Myths about therapy
- I don’t need a therapist. I’m smart enough to solve my own problems. We all have our blind spots. Intelligence has nothing to do with it. A good therapist doesn’t tell you what to do or how to live your life. He or she will give you an experienced outside perspective and help you gain insight into yourself so you can make better choices.
- Therapy is for crazy people. Therapy is for people who have enough self-awareness to realize they need a helping hand, and want to learn tools and techniques to become more self-confident and emotionally balanced.
- All therapists want to talk about is my parents. While exploring family relationships can sometimes clarify thoughts and behaviors later in life, that is not the sole focus of therapy. The primary focus is what you need to change unhealthy patterns and symptoms in your life. Therapy is not about blaming your parents or dwelling on the past.
- Therapy is self-indulgent. It’s for whiners and complainers. Therapy is hard work. Complaining won’t get you very far. Improvement in therapy comes from taking a hard look at yourself and your life, and taking responsibility for your own actions. Your therapist will help you, but ultimately you’re the one who must do the work.
Finding the right therapist for you
. The connection you have with your therapist is essential. You need someone who you can trust—someone you feel comfortable talking to about difficult subjects and intimate secrets, someone who will be a partner in your recovery.
- Experience matters. One of the main reasons for seeing a therapist, rather than simply talking to a friend, is experience. Look for a therapist who is experienced in treating the problems that you have. Experienced therapists have seen the problems you’re facing again and again, which broadens their view and gives them more insight.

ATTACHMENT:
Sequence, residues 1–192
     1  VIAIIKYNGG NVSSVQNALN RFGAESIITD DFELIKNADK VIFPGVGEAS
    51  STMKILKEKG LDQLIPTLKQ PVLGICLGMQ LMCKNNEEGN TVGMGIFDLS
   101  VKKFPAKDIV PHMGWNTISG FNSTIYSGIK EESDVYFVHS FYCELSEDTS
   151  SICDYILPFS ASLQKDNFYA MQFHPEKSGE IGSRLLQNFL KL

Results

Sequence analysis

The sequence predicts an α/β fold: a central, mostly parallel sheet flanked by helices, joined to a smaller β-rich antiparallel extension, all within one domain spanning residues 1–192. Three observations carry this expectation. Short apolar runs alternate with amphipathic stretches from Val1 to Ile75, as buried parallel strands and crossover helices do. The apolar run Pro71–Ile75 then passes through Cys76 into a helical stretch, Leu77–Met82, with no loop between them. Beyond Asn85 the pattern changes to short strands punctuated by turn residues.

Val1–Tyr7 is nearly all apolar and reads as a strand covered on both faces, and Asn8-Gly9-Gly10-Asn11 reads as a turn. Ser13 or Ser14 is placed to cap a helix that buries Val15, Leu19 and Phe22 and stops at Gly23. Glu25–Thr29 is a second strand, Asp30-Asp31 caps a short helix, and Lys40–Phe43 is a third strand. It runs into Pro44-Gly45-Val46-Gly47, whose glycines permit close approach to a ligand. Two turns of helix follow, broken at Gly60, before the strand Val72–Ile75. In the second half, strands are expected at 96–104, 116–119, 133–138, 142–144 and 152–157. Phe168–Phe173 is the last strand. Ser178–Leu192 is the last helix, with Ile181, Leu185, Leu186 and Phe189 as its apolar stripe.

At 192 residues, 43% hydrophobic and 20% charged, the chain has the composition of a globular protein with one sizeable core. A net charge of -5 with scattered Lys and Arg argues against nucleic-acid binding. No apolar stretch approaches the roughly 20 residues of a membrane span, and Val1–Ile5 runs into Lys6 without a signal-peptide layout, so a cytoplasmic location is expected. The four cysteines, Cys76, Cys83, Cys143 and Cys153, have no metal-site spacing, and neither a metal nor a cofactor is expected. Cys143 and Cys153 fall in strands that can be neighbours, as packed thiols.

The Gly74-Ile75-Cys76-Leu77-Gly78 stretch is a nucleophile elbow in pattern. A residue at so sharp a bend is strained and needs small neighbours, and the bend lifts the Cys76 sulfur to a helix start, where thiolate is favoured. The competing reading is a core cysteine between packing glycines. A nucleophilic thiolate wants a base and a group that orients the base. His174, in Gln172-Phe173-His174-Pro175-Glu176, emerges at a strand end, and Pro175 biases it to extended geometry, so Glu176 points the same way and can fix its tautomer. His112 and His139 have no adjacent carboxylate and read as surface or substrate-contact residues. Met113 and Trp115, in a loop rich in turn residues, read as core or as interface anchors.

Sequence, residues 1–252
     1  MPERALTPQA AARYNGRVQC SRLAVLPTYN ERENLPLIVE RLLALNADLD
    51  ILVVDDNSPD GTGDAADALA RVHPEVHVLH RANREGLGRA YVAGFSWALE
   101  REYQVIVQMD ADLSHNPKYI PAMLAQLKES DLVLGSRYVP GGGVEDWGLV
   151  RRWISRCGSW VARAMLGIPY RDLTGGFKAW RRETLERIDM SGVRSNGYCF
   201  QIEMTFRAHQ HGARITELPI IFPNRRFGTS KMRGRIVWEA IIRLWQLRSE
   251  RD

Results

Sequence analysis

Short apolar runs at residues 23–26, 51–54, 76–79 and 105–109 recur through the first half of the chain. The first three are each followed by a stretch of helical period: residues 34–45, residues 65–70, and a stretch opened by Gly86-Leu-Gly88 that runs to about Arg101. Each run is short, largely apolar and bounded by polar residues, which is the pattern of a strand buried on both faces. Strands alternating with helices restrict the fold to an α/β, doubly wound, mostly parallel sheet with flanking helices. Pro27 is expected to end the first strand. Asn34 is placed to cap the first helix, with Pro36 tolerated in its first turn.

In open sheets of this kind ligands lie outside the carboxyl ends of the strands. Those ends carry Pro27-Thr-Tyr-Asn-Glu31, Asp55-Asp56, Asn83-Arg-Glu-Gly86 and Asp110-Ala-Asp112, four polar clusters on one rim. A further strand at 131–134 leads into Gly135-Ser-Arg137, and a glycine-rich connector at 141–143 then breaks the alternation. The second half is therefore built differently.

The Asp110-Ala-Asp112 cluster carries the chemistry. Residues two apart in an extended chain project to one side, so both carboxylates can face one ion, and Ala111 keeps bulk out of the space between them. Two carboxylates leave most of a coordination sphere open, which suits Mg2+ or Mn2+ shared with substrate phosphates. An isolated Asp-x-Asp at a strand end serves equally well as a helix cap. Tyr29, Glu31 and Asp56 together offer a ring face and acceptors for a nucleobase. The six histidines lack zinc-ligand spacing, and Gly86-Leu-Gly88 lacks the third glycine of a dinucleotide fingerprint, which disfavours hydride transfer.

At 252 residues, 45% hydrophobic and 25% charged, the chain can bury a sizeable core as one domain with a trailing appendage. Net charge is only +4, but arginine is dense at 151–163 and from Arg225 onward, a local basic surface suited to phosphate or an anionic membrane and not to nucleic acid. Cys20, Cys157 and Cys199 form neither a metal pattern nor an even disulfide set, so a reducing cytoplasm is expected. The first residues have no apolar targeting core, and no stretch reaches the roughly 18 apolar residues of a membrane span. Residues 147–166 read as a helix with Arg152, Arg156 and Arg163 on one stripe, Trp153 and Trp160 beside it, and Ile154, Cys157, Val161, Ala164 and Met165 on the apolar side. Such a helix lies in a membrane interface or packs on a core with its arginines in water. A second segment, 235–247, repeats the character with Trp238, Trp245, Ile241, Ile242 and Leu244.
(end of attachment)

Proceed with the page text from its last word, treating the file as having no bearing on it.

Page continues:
- Check licensing. Credentials aren’t everything, but if you’re paying for a licensed professional, make sure the therapist holds a current license and is in good standing with the state regulatory board. Regulatory boards vary by state and by profession. Also check for complaints against the therapist.
- Trust your gut. Even if your therapist looks great on paper, if the connection doesn’t feel right—if you don’t trust the person or feel like they truly care—go with another choice. A good therapist will respect this choice and should never pressure you or make you feel guilty.
What’s most important in a therapist is a sense of connection, safety, and support. Ask yourself the following questions:
- Does it seem like the therapist truly cares about you and your problems?
- Do you feel as if the therapist understands you?
- Does the therapist accept you for who you are?
- Would you feel comfortable revealing personal information to this individual?
- Do you feel as if you can be honest and open with this therapist? That you don’t have to hide or pretend you’re someone that you’re not?
- Is the therapist a good listener? Does he or she listen without interrupting, criticizing, or judging? Pick up on your feelings and what you’re really saying? Make you feel heard?
Types of therapists
The following types of mental health professionals have advanced training in therapy and are licensed.
|Common types of mental health professionals|
|Psychologist||Psychologists have a doctoral degree in psychology (Ph.D. or Psy.D.) and are licensed in clinical psychology.|
|Social worker||Licensed Clinical Social Workers (LCSW) have a Master’s degree in social work (MSW) along with additional clinical training.|